By David Rich
An electric day it was when I first heard about the uttermost ends of the earth, the gist of it all remaining a thrilling memory from way back when they still taught geography in school, about umpteen years ago.
The concept of a land beyond which there is none, a land of fires, of Tierra del Fuego, has fascinated me ever since my geography days as a wee tot. Four months of driving down from Ecuador and I finally made it to the bottom of South America.
The Island of Tierra del Fuego is the size of South Carolina, or if you prefer, the size of Ireland, sitting at the tippy end of South America, the last outpost of civilization before arrival in Antarctica.
To the east of TdF rages the wild Atlantic, to the west and north the comparatively tranquil Straits of Magellan and to the south almost nothing across the Beagle Channel except Cape Horn. Here is where the most outrageous storms in the world collide.
TdF Island is easily conceivable in simple fourths, the west Chile and the east Argentina, the north windswept with dots of oil derricks, bogs and sheep in both Chile and Argentina, the south crammed with glaciers, jagged snow-capped mountains, a fabulous national park and the world’s southernmost city of Ushuaia.
What Was Once
The history of the fiery land is one of heartbreak and violent death. The four indigenous groups were slaughtered by Europeans to steal their lands for grazing sheep, making fortunes and building empires for the Europeans who still rule the land.
Less than ten survive from the Selk’nam tribe or any tribe, all over age 50 years, waiting in remote Puerto Eden, Chile, for their own final departure. I bought two pounds of king crab from one of these weather-beaten Selk’nam stalwarts, a quiet stoic chap, when the ferry from Puerto Montt to Puerto Natales anchored for a single hour at Puerto Eden (good luck on finding this remote burg on a map).
The southernmost Tierra del Fuegian tribe, the Yamana, lived naked in canoes, surviving the southern winds, rain, and cold by slathering seal fat over every square inch of their bodies, tending fires in their canoes. For these fires, Magellan named Tierra del Fuego, the land of fire. Darwin called the Selk’nam “among the most abject and miserable creatures I ever saw.”
Corduroy Dirt Roads
After stumbling across the windswept plains of Tierra Fuego for uncountable jouncy miles on corduroy dirt roads it was only slightly more jarring to see a pink church in a roundabout surrounded by pastel houses with white picket fences, smacking one right between the eyes like the similar town in Pleasantville, the movie. Cerro Sombrero is obviously way out of the way so stick with Argentinean Tierra del Fuego where the roads are mostly paved and the attractions abound.
A Silesian Mission sits six miles north of Rio Grande, Tierra del Fuego’s largest city of 60,000 people, the Mission now reduced to producing excellent cheeses and singing its own praises for altruism, for serving the local indigenous, graphically displayed in its tiny museum. The Mission has run out of indigenous to save, all Argentinean tribes having been extinct for nigh on eons and the last ten survivors now in Chile. But the cheese isn’t bad.
Entering the wind-swept city of Rio Grande you’re confronted by an enormous 20 foot by 50-foot sculpture of a sea trout, so shocking that most tourists immediately stop to have their pictures takes in front, high red letters proclaiming Rio Grande to be the TROUT FISHING CAPITAL OF THE WORLD.
If you’re into huge sea trout weighing up to 24 pounds that themselves hook celebrities galore, then stop in Rio Grande as long as you can afford a license to fish.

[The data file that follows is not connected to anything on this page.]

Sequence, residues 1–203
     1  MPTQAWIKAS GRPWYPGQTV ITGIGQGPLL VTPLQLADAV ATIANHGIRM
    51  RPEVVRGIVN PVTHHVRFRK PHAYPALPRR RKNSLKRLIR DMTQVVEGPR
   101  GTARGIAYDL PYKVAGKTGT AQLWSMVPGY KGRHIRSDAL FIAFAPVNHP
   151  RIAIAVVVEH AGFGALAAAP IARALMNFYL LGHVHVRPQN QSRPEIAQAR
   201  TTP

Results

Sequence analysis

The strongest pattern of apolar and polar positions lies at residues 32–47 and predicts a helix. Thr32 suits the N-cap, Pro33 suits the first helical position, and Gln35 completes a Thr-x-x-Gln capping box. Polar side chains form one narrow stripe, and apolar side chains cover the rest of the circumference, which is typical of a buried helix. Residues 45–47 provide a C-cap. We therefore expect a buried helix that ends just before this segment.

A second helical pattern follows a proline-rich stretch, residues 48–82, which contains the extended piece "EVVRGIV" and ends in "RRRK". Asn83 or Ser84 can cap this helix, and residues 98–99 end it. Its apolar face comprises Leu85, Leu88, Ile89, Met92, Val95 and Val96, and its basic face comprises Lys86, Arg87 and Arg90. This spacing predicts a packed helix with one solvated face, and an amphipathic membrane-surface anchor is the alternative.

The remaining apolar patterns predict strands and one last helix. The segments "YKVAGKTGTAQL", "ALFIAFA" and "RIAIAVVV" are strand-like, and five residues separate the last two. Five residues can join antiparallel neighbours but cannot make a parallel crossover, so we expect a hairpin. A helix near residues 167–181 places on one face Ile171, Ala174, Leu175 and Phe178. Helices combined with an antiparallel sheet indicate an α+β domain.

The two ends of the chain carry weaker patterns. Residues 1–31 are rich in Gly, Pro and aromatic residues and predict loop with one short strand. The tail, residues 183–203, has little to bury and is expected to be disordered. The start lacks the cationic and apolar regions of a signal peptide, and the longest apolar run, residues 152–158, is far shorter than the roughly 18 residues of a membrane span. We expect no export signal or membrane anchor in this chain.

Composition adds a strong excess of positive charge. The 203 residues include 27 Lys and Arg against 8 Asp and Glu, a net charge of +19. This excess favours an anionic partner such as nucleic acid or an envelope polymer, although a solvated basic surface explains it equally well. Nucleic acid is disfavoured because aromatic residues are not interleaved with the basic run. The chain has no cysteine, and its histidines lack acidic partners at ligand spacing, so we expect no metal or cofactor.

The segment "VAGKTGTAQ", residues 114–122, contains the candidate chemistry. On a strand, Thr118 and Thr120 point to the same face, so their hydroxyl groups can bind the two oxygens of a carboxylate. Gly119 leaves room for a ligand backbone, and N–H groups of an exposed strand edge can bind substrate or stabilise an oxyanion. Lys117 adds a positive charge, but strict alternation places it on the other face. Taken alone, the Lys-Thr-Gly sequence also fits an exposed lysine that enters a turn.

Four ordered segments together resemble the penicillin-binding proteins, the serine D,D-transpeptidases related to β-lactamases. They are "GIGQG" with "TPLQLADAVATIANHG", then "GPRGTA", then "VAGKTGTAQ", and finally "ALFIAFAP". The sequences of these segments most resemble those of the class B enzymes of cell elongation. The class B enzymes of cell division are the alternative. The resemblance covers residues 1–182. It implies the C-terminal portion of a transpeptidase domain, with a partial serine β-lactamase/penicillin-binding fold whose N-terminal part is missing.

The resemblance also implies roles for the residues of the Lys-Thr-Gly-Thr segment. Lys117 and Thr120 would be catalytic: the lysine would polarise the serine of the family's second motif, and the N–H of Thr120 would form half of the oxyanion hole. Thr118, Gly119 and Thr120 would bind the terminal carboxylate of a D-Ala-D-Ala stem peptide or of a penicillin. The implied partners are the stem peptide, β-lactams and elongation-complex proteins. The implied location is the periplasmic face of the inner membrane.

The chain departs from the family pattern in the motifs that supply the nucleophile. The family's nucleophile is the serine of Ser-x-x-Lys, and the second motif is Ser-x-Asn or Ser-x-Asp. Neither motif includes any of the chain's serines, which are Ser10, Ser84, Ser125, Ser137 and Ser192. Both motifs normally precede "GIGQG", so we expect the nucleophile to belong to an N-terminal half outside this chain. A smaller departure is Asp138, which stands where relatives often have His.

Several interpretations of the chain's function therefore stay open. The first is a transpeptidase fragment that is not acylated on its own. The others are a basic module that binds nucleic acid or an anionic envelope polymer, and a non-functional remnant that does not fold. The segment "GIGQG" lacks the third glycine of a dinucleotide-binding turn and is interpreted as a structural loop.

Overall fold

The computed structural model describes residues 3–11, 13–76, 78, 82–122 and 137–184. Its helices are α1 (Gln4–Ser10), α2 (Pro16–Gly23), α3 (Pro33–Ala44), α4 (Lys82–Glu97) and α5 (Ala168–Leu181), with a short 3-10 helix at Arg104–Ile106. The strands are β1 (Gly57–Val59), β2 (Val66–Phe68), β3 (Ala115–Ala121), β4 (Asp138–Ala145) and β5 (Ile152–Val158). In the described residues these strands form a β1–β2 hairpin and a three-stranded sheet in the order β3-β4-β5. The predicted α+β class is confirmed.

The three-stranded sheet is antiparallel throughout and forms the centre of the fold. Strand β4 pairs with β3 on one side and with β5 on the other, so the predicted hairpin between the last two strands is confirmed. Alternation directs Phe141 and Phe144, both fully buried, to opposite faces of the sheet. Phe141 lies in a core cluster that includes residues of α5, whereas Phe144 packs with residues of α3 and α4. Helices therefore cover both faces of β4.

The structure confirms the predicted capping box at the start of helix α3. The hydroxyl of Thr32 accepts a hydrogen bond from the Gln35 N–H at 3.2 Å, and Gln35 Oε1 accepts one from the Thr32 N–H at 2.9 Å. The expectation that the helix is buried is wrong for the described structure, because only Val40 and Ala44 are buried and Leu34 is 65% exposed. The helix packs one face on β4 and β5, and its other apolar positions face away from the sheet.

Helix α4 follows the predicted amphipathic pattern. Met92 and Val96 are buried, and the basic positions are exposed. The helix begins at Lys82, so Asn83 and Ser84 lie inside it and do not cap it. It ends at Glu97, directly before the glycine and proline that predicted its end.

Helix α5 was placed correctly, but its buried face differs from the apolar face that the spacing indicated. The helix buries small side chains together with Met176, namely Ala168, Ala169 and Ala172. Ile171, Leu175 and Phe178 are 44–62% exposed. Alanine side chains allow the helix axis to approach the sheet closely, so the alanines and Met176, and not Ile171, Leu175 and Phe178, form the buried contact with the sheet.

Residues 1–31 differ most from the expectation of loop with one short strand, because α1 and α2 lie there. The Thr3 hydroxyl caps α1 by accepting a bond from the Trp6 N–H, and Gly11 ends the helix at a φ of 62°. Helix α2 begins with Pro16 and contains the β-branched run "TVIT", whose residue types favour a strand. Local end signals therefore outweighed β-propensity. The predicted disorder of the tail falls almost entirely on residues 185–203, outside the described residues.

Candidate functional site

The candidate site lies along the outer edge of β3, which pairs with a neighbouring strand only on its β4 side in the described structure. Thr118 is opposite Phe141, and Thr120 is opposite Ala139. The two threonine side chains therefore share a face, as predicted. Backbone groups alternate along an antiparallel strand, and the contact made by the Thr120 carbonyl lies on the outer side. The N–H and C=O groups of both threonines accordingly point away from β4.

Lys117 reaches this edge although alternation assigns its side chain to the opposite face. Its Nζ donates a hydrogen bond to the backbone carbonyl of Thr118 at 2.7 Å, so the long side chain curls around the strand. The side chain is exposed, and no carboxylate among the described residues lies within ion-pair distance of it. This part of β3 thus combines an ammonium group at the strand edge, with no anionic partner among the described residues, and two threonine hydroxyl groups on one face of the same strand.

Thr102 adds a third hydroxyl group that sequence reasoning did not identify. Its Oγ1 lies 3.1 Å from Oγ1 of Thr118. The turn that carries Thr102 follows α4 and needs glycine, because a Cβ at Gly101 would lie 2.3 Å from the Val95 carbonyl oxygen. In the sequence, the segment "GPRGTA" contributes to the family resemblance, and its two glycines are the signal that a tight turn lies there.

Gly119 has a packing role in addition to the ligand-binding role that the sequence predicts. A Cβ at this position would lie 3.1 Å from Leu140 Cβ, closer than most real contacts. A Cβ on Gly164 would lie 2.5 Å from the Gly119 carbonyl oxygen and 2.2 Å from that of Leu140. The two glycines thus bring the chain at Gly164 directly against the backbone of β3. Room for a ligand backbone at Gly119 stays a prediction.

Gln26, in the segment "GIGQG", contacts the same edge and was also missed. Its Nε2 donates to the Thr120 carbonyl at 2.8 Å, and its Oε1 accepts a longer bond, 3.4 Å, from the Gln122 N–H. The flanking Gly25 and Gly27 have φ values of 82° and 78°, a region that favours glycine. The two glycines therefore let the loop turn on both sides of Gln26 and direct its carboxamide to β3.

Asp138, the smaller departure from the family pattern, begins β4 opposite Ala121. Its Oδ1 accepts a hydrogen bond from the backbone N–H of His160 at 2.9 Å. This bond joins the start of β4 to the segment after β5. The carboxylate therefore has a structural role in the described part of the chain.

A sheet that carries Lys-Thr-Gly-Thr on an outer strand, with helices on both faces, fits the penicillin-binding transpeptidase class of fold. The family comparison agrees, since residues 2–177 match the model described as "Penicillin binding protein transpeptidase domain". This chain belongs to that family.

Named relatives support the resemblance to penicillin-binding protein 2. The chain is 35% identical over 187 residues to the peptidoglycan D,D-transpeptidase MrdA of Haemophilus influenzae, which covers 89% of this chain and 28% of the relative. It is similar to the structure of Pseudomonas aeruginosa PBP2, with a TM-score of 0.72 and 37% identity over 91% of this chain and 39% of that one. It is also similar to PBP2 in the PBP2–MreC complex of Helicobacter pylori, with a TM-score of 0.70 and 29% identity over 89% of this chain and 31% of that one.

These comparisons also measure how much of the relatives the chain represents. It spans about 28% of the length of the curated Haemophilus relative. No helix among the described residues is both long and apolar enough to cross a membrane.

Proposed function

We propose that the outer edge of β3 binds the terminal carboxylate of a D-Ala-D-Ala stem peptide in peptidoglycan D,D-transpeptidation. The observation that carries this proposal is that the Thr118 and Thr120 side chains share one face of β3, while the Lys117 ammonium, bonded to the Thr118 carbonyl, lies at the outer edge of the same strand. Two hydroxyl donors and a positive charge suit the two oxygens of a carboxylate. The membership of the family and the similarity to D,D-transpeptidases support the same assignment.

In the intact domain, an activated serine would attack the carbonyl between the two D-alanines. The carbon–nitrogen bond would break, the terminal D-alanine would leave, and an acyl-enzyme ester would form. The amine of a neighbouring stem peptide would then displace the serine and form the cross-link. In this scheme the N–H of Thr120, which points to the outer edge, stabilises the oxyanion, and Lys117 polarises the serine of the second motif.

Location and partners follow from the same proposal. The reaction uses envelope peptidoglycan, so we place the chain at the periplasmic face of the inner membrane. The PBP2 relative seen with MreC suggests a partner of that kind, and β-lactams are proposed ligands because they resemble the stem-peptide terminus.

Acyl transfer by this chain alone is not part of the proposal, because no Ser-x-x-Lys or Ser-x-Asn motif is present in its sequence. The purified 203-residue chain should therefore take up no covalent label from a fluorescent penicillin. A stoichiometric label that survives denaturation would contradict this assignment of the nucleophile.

A fishing license is only $100 a day and the catch limit is one trout a day but then the trout are matchlessly big honkers. You might be able to eat on one for about a month so as to recoup your investment. I continued to the heartland of Tierra del Fuego where the wind blows less than 50 MPH, to the heart of the heart, which is what Tolhuin means in the local dialect of extinct indigenous.
The Best Bakery in the World
Tolhuin is a tiny town on the east end of 50-mile long Lago Fagano and arguably boasts the best bakery in the world, a claim that gives me pause when trying sturdily to remember the tasty treats offered by bakeries on the left bank in Paris, those in Vienna and all over Switzerland. But then Tolhuin’s Panaderia la Union is open 365 days a year, 366 in Leap Years, to tempt you to cardiac hotel.
I was there on Christmas and New Year’s Days, cadging cappuccinos for $.37, almond bark bitter chocolate for $3 a pound and pastries in varieties too unfamiliar to list but in infinite assortments from fruit-filled to dark chocolate-dipped, eats to expire for, perhaps literally. Argentinean prices haven’t been so low for decades but slightly over a year ago they crashed, along with the dollar-denominated Peso.
Prices in Argentina are now the lowest in South America while less than two years ago they were the highest. Thus you simply must jet off now while you can afford conspicuous consumption at Panaderia la Union which also features a private zoo of exotic birds and an orphaned Guanaco, free hot water for yerba mate, the tea drunk compulsively and unceasingly by all Argentineans. Check it all out at this spanish website.
In a blink, discounting 37 miles of extremely bad road, I was in, arriving in perfectly sunny weather (no wind) on Christmas Day, little kids trying out spanking new bicycles next to towering cruise ships on the spectacular waterfront, aka Beagle Channel.
This city of 40,000 extremely hardy souls is all superlatives, ringed by chilly black and white mountains, glaciers, extreme waters and parrillas, Argentinean pig-outs of meat featuring beef, lamb (better than in Greece or New Zealand!), pork and sausages, spreads to make the stoutest vegetarian blanch, relieved only by a veritable smorgasbord of anything you can think of from fish to pickled beets, $5.
The Argentinean currency crashed and you are the potential beneficiary/potentate, particularly in Patagonia because all basics are subsidized by the government from fuel to food, causing miniature sticker shock when one ventures too far north into regular Argentina.
Ushuaia has many charms from the Martial Glacier above it, within easy hiking or cable car distance, for great views of town and the Beagle Channel, to fabulous dining, T-shirts and souvenirs, the latter bragging “World’s End”, “Southernmost City” and the like.
But Ushuaia is much more than shallow fun, excellent resort hotels and views you must pay for. It has two fine museums, both rather kooky in their own way. The small Yamana Museum relates the tragedy of the indigenous in huge 3D pictographs and surviving photos. Indeed the Yamana did run around this frigid land naked, living on mussels, moving on weekly while tending the fires in their canoes. Chilling.